The employment picture presented its own bad news. According to the Bureau of Labor Statistics  latest release, “From June 2015 to September 2015, gross job gains from opening and expanding private sector establishments were 7.3 million, a decrease of 262,000 jobs from the previous quarter…Over this period, gross job losses from closing and contracting private sector establishments were 6.9 million, an increase of 149,000 jobs from the previous quarter.”

Although the White House readily discusses the unemployment statistic known as the U-3, which has been reduced, the more accurate indicator, known as the U-6, is far higher at 9.8%. Even this number doesn’t present a thorough picture, since there are factors it excludes, as well.

The labor force participation rate has fallen from 65.7% in January, 2009 when President Obama took office, to the latest figure of 63%.  Of the comparatively few jobs created, far too many are in low-paying occupations.  Many White House policies will make that problem even worse. President Obama’s scientifically unsound environmental policies to sharply reduce the use of some forms of energy directly impact a source of well-paying jobs.  The Bureau of Labor Statistics  notes that “Manufacturing industries with the highest wages for production occupations included petroleum and coal products manufacturing ($62,140) and basic chemical manufacturing ($55,230).”

What else has caused the poor employment picture? Corporations are leaving the U.S., and taking jobs with them. The reason for the downward spiral is neither the aftermath of the recession nor the results of cyclical economic period.  It is the specific result of both existing policies that literally drive employers offshore, as well as a hostile regulatory environment.

The U.S. has the highest corporate tax rate in the developed world. Bloomberg  notes that “The U.S. corporate income tax rate, 35 percent, is the highest in the developed world. The U.S. is also one of the few countries that makes its companies pay that rate on all their worldwide income…More than 50 U.S. companies have reincorporated in low-tax countries since 1982, including more than 20 since 2012.”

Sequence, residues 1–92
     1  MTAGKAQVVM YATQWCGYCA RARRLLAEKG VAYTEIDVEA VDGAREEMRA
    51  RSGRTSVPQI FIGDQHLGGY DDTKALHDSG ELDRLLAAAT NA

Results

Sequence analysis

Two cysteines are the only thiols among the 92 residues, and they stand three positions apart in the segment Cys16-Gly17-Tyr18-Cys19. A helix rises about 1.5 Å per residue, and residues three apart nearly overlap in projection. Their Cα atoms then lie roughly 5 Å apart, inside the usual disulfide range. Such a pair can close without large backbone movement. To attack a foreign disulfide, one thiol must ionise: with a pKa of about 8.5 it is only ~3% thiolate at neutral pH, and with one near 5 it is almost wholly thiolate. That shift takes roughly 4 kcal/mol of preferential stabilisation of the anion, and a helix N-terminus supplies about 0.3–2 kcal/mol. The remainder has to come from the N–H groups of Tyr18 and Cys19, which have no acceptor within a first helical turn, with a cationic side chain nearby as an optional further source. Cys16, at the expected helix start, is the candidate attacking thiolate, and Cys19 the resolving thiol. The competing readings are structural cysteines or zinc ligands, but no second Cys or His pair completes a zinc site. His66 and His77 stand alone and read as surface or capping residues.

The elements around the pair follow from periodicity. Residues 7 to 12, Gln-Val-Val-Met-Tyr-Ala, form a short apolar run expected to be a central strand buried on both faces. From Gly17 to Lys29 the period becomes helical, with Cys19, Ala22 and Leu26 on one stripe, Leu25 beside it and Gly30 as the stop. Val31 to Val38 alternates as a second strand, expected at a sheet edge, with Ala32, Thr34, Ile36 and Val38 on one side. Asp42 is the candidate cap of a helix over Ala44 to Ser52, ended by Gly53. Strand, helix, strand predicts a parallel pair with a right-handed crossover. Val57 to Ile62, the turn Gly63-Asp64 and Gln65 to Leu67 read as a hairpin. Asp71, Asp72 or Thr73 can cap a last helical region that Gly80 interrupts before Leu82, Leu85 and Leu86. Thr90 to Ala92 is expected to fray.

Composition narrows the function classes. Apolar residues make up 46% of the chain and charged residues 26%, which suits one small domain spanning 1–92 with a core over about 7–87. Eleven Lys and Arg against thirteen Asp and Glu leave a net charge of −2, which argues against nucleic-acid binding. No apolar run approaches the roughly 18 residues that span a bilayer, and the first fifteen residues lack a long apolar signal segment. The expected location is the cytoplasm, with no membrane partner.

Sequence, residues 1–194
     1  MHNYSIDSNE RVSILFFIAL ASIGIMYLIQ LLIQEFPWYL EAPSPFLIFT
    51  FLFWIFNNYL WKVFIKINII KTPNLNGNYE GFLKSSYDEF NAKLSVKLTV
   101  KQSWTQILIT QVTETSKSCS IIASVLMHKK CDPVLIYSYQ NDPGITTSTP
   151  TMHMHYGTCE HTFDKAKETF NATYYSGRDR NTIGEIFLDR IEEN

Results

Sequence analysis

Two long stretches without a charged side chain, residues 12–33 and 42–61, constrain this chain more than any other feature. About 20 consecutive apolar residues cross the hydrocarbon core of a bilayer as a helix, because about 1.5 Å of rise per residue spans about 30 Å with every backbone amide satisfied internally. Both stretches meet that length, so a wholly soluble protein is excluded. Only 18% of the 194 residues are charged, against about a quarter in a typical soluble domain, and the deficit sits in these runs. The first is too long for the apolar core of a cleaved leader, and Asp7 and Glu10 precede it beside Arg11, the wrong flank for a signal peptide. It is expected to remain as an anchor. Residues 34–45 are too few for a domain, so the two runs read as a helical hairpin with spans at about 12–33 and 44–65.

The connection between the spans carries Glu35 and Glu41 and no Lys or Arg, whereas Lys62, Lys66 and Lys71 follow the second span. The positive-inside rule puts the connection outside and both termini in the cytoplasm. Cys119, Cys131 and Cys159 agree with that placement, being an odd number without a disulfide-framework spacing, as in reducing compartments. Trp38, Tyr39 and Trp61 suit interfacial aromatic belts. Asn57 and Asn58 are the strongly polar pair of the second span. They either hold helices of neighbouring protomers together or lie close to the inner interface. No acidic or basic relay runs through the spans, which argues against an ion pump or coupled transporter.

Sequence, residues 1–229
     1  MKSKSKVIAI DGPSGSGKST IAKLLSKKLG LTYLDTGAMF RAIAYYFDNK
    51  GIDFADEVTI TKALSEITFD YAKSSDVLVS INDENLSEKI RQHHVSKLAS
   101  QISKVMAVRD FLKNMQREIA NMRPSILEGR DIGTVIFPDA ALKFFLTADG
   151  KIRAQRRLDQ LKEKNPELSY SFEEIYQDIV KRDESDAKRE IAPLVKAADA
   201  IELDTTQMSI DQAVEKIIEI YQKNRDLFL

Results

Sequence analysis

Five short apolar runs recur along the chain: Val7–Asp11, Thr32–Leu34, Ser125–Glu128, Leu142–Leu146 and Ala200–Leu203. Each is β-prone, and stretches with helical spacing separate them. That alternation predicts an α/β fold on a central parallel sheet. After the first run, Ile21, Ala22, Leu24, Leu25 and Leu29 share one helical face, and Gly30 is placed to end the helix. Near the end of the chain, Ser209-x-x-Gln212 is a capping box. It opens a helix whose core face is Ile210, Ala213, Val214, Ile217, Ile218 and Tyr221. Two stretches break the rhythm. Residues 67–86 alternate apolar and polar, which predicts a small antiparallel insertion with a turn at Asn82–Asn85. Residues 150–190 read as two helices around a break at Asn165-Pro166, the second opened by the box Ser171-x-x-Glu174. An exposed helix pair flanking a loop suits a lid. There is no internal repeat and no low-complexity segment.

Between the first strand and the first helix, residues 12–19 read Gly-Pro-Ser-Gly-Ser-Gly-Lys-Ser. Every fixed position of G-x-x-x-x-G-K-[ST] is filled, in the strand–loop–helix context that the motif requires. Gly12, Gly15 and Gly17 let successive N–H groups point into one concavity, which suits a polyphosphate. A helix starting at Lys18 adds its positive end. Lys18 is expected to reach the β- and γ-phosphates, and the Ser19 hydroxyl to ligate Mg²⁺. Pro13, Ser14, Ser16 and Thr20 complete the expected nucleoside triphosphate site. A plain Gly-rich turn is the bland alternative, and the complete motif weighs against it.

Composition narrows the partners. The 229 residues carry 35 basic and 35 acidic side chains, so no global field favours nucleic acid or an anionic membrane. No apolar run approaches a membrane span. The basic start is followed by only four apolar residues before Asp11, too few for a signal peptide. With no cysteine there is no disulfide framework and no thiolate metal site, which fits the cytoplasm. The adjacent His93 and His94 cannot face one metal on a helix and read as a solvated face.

Ed Rogers, writing in the Washington Post, notes: “I don’t think there has been a president in my lifetime who has been more hostile to business than Obama. I could be corrected, but I don’t think anyone in the president’s Cabinet has ever started a business, and I would doubt that many of his senior staffers have either. At the end of the day, Obama doesn’t seem to have much respect for what it takes to start a business. And this cratering in the number of start-ups under his administration reminds us of the gratuitous smackdown he gave business owners everywhere during the 2012 campaign when he pointedly said, “If you’ve got a business, you didn’t build that.”

The U.S. has declined in the Index of Economic Freedom  which notes: Americans continue to lose economic freedom. Following declines in seven of the past eight years, the United States this year has equaled its worst score ever in the Index of Economic Freedom. Ratings for labor freedom, business freedom, and fiscal freedom have flagged notably, and the regulatory burden is increasingly costly… America’s historically vibrant entrepreneurial growth is significantly hampered by intrusive, expensive, and often ineffective government policies in areas ranging from health care to energy to education. Government favoritism toward entrenched interests has hurt innovation and contributed to a lackluster recovery and stagnant income growth… The regulatory burden continues to increase. Over 180 new major federal regulations have been imposed on business operations since early 2009 with estimated annual costs of nearly $80 billion.”

Finally, The Census Bureau reports that home ownership rates have dropped to a 48 year low. In 2009, when President Obama took office, home ownership stood at 67.3%.  The latest figure is 63.5%.

Pacific Threats

Once well protected and patrolled by the U.S. Navy, the Pacific rim has become the source of imminent threats to both America and its allies. The sharp reduction of the U.S. Navy (from 600 ships to less than 274) combined with the skyrocketing increase in China’s strategic and conventional forces and the nuclear prowess of North Korea present a vast challenge to all nations throughout the Pacific rim.  

In March, USMC Lt. General Vincent R. Stewart, the Director of the Defense Intelligence Agency, addressed the House Armed Services Committee on key threats facing the United States. Presented in today’s report is the portion of his examination that reviews the growing threats  from China and North Korea.


Chinese Force Modernization

China is pursuing a long-term, comprehensive military modernization program designed to improve its capability to fight short-duration, high-intensity regional conflicts. While preparing for a Taiwan contingency remains the primary driver of the People’s Liberation Army (PLA) modernization, the Chinese military has increased its preparations for other contingencies, including conflicts in the East or South China Seas.

In addition to modernizing equipment and operations, the PLA is undergoing massive structural reform. Changes being implemented include increasing the number of Navy, Air Force and Rocket Force personnel at the expense of ground forces, establishing a theater joint command system and reducing their current seven military regions down to five joint theaters of operation. The emphasis on joint commands reflects China’s intention to emulate the style of joint operations pioneered by the U.S.